Media Tracker 01-03-2018

Media Tracker

Media Tracker lists the challenges and achievements of the journalists and media organisations worldwide. Here’s a list of journalism at risk stories in the recent month. We would like to thank international media protection organisation and news outlets for their content.

  • Jan Kuciak, 27, a Slovak investigative journalist and his fiancée were murdered in the town of Veľká Mača last Sunday. Slovak media reported that Kuciak had received threats from a businessman after publishing stories on his dubious activities. Kuciak had reported the threats but the police wasn’t able to answer his fears. However, in the aftermath of his murder, the police declare the murder due to work-related reasons.

Kuciak worked for the online investigative news outlet The journalist was particularly known for publishing stories on tax fraud and shady real estate deals that involved several Slovak businessmen with close connections to the ruling party. He also wrote stories related to Slovakia as part of the Panama Papers investigation.


  • After receiving a two year sentence for his media interviews that criticised the regime’s for restrictions against free press, last week, Bahraini authorities sentenced Nabeel Rajab, President the Bahrain Center for Human Rights (BCHR) and Founding Director of the Gulf Centre for Human Rights (GCHR) to five years imprisonment for comments he made on Twitter criticizing the escalating humanitarian crisis caused by the Saudi-led coalition airstrikes in Yemen, and documenting allegations of torture in Bahrain’s Jau Prison.

Rajab was detained mid 2016 and suffered poor health, solitary confinement and harsh prison treatment amid delayed judicial process. Press freedom organisations around the world are protesting the decision against the journalist and calling an end to the journalist’s plight.

Rajab also has two additional charges against him for op-eds he published from prison in the New York Times and Le Monde, and could face even further jail time if convicted.


  • Two Iranian reporters for the Sufi news website Majzooban Nor, Reza Entesari and Kasra Nouri, were arrested during violent clashes between police and members of a Sufi religious order called the Gonabadi Dervishes. The journalists were beaten and were taken to Imam Sajad police hospital in Tehran shortly after their arrest because their physical condition was worsening. According to some of the sources both Reza and Kasra are now in coma.

According to reports several other employees of Majzooban Nor including Faezeh Abdipour were also arrested but most were released after 48 hours detention. The only independent source of information about the Gonabadi Dervishes, Majzooban Nor has been posting reports and video footage of the violence by police and plainclothes militiamen.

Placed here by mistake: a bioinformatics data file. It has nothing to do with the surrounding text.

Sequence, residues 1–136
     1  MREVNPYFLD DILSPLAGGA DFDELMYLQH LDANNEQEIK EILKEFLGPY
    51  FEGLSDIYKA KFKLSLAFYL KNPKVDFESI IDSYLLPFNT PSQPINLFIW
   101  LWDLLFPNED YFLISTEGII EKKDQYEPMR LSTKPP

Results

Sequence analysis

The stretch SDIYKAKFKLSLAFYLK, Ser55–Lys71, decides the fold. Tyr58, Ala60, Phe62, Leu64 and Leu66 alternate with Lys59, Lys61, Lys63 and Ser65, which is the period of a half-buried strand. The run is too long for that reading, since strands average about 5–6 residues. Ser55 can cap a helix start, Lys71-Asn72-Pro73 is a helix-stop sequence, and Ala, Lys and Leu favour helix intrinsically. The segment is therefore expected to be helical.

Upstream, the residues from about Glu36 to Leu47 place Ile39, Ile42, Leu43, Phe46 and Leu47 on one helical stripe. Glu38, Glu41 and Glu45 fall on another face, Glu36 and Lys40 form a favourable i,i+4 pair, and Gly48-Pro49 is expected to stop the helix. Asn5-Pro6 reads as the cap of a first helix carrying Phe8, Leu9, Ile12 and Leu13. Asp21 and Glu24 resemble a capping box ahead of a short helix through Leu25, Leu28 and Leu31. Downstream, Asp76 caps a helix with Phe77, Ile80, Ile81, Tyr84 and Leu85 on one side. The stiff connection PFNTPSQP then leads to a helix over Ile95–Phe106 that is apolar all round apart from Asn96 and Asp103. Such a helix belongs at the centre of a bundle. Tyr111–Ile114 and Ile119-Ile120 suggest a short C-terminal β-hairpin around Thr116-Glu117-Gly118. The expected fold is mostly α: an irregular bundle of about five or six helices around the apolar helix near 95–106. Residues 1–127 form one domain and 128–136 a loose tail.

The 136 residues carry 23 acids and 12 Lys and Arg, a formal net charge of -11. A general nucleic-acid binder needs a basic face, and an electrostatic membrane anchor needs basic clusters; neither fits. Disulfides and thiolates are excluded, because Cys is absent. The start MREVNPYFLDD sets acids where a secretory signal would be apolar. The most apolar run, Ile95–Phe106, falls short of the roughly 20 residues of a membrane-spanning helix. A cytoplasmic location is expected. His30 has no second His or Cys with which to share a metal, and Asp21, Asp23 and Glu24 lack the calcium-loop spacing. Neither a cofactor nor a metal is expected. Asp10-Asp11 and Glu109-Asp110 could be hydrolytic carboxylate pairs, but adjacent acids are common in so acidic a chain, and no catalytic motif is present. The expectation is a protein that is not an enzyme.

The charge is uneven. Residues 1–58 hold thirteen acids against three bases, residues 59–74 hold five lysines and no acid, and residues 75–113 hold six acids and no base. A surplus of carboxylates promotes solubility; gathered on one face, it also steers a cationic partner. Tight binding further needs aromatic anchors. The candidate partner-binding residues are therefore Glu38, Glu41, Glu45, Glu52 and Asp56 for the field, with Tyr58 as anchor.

The authorities are yet to comment on the arrests and detail the whereabouts of the detainees.

The authorities have not as yet issued any statement about their arrest and have yet to tell the families where they are being held or what their present condition is.

Gonabadi Dervishes have been persecuted by the regime’s fundamentalists for the past decade and Entesari and Nouri have already been arrested and jailed several times in the past.


  • Early February, introduced by Turkey’s ruling Justice and Development Party (AKP), the Parliamentary Planning and Budget Commission passed article 73 of the bill, which would empower the federal TV and radio watchdog RTÜK to regulate and license online broadcasters, including YouTube and Netflix Turkey in the country. Article 73 would allow RTÜK to apply for a court order to block, remove, or otherwise censor content that authorities deem objectionable from a website in a 24-hour period. Websites could, however, then contest the decision.

Transportation Minister Ahmet Arslan, who also oversees Internet regulation, said that only broadcast material that goes “against national security [and the] moral order of the country” would be blocked if the bill becomes law. He however declared that censorship doesn’t exist in Turkey.

Until now, Radio and Television supreme Council; RTÜK, the Turkish state agency for monitoring, regulating, and sanctioning radio and television broadcasts, only regulated conventional radio ad broadcasters in Turkey.

International media organisations are demanding Turkey to scrap the article of a draft bill that would expand Internet censorship in Turkey. They fear that if the new bill becomes law, it would give authorities broad scope to target any Internet broadcasting content from critical news websites to entertainment platforms.


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